Don't let it get away!
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What's that sound? It's the ominous rumbling of angry shareholders, growing in volume. Don't be too disturbed, though. Shareholders should pay attention to what's going on at their companies and raise their voices when something seems wrong. Doing so is a huge step in the right direction for a more sustainable economic future.
Justice Louis Brandeis once offered this food for thought on transparency and disclosure: "Publicity is justly commended as a remedy for social and industrial diseases. Sunlight is said to be the best of disinfectants, electric light the most efficient policeman."
Lights on, folks! The idea that various stakeholders might be waking up, embracing some of that good old-fashioned, disinfecting sunlight, and taking a hard and sometimes skeptical look at current issues is a good thing for our overall economic well-being, which has been endangered by corporate dysfunction in recent years.
Start a ruckus, proxy style
'Tis the season ... proxy season, that is. Angry shareholders -- and shareholder resolutions -- are gaining higher profiles and media coverage.
Citigroup (NYSE: C ) shareholders are hopping mad, based on yesterday's media coverage. Where's the dividend? What's with the share dilution? And California pension fund CALPERS has come out saying it opposes the re-election of Citi board members Andrew Liveris and Judith Rodin.
And last week, a group of dissident shareholders made some noise about BP's (NYSE: BP ) tar sands exploration in Canada's Sunrise oil sands development. The group says this type of exploration is more expensive and environmentally damaging than conventional methods are. Shareholders also voiced anger about CEO Tony Hayward's sizable compensation increase. (The dissidents failed, but they did garner some media attention for their causes.)
The good people at Moxy Vote, a beta site specializing in shareholder activism and voting -- and sporting the fabulous tagline "Let your voice be heard" -- recently provided me a list of some very recent or upcoming shareholder proposals they're following:
- Bombs away! Hardcore shareholder resolutions at Boeing (NYSE: BA ) include demands for political donation disclosure and ethical criteria for military contracts.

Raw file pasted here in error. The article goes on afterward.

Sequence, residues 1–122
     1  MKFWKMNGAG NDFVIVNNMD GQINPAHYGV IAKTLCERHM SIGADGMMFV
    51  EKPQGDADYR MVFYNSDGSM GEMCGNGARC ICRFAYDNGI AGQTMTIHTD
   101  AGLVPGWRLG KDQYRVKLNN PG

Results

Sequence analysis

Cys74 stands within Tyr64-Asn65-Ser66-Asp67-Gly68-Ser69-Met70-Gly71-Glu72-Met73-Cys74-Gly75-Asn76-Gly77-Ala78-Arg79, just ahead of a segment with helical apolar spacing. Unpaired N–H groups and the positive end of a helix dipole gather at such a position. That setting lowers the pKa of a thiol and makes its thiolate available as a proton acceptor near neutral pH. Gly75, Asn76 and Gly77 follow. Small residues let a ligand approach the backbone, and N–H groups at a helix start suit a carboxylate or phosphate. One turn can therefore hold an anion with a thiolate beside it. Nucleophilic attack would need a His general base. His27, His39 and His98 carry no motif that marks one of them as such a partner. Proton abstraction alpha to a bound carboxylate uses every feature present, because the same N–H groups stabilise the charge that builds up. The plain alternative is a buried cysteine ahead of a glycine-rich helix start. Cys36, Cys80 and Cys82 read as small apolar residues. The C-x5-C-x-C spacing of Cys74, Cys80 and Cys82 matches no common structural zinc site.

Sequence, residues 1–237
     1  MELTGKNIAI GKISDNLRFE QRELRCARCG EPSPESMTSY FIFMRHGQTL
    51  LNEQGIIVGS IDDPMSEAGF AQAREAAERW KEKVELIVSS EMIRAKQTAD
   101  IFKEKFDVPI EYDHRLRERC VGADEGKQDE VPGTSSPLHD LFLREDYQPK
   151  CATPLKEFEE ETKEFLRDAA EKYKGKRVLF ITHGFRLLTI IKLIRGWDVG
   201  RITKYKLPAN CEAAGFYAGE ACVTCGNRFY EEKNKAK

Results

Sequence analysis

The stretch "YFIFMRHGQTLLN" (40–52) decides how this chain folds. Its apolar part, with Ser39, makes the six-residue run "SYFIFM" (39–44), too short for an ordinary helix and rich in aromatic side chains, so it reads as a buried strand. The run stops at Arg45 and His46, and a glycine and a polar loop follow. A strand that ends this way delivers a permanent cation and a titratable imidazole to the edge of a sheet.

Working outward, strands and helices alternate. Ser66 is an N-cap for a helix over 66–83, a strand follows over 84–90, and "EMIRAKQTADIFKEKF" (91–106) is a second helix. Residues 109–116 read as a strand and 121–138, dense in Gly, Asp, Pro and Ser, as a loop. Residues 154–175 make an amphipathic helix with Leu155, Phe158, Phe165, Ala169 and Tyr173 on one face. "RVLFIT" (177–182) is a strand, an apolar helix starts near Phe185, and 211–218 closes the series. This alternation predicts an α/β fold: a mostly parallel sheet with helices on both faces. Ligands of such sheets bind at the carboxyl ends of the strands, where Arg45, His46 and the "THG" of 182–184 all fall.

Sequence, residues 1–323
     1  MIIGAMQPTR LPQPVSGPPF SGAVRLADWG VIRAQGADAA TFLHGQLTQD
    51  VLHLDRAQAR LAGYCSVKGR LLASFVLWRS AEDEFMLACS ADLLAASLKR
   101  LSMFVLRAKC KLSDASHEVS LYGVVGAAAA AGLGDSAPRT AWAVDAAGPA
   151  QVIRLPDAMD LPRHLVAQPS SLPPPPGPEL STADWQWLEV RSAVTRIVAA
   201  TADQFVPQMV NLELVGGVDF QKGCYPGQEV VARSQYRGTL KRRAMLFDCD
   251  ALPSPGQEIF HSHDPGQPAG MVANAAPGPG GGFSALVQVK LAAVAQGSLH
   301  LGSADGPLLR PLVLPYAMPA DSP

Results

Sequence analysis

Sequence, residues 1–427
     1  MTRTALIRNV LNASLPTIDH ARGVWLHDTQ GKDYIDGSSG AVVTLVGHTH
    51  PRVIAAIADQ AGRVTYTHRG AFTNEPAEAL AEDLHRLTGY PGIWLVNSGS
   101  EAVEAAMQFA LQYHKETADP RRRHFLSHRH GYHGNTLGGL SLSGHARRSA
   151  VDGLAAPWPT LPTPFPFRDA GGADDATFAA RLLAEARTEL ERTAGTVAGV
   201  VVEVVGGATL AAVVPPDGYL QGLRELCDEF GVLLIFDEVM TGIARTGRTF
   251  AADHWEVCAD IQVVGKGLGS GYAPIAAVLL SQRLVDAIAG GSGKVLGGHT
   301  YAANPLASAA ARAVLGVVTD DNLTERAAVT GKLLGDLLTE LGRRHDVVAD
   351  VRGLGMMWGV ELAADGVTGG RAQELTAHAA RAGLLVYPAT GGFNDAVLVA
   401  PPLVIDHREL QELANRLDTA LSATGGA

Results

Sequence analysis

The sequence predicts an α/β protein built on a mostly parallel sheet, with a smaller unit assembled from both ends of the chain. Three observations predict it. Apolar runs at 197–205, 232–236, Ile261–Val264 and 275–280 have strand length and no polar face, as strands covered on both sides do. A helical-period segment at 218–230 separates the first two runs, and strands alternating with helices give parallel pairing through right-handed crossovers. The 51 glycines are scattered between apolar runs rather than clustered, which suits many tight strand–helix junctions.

- Have a Coke and a gripe. Upcoming shareholder resolutions pertaining to Coca-Cola (NYSE: KO ) include calls for say-on-pay policies for executive compensation and a report on the company's use of the high-profile (and potentially hazardous) chemical Bisphenol A.
- He said, she said, but it's nice to be allowed to say it. Pharma company Abbott Laboratories (NYSE: ABT ) faces shareholder resolutions on say-on-pay policies, among others.
Some shareholder proposals represent controversial agendas, and of course you don't have to agree with every activist group that submits a proposal, but their concerns can illustrate real risks to companies' reputations and business strengths. You might not care about companies' environmental or political donation policies or their use of Bisphenol A in packaging, for example, but plenty of consumers these days do.
Regardless, you can make your vote heard using your proxy ballot. As my Foolish colleague Selena Maranjian pointed out last year, voting's not just for November anymore. And given continued post-financial crisis signs that many corporate managements still need a little kick in the pants when it comes to responsible behavior and shareholder rights (they may be leaders, but they are employees, after all), being heard is more important than ever this year.
Let there be light
Naturally, corporate managements always suggest that shareholders vote against such resolutions (or, rather, AGAINST, as they tend to shout in caps lock about how they'd prefer their shareholders to vote). Although there have been some victories in recent years -- On2 Technologies' shareholder pushback garnered a higher price when Google (Nasdaq: GOOG ) acquired it, for example -- many shareholder movements still don't get far. Institutional shareholders still tend to be asleep at the wheel or willing to let managements engage in short-term thinking. Hopefully they'll soon wake up and take notice of these issues, too.
Regardless, complacent attitudes and apathy usually result in a race to the bottom. Positive change often doesn't happen unless people care to push for it, so it's good to see some people are at least asking the right questions. Meanwhile, I'm pretty sure the stage has been set for many a corporate scandal to occur because it seemed as if nobody was paying attention.
The idea that more and more people are tuned into these issues is exactly the kind of sunshiny scrutiny we all need right now. Let the light shine in -- and the voices ring out.
Check back at Fool.com every Wednesday and Friday for Alyce Lomax's columns on corporate governance.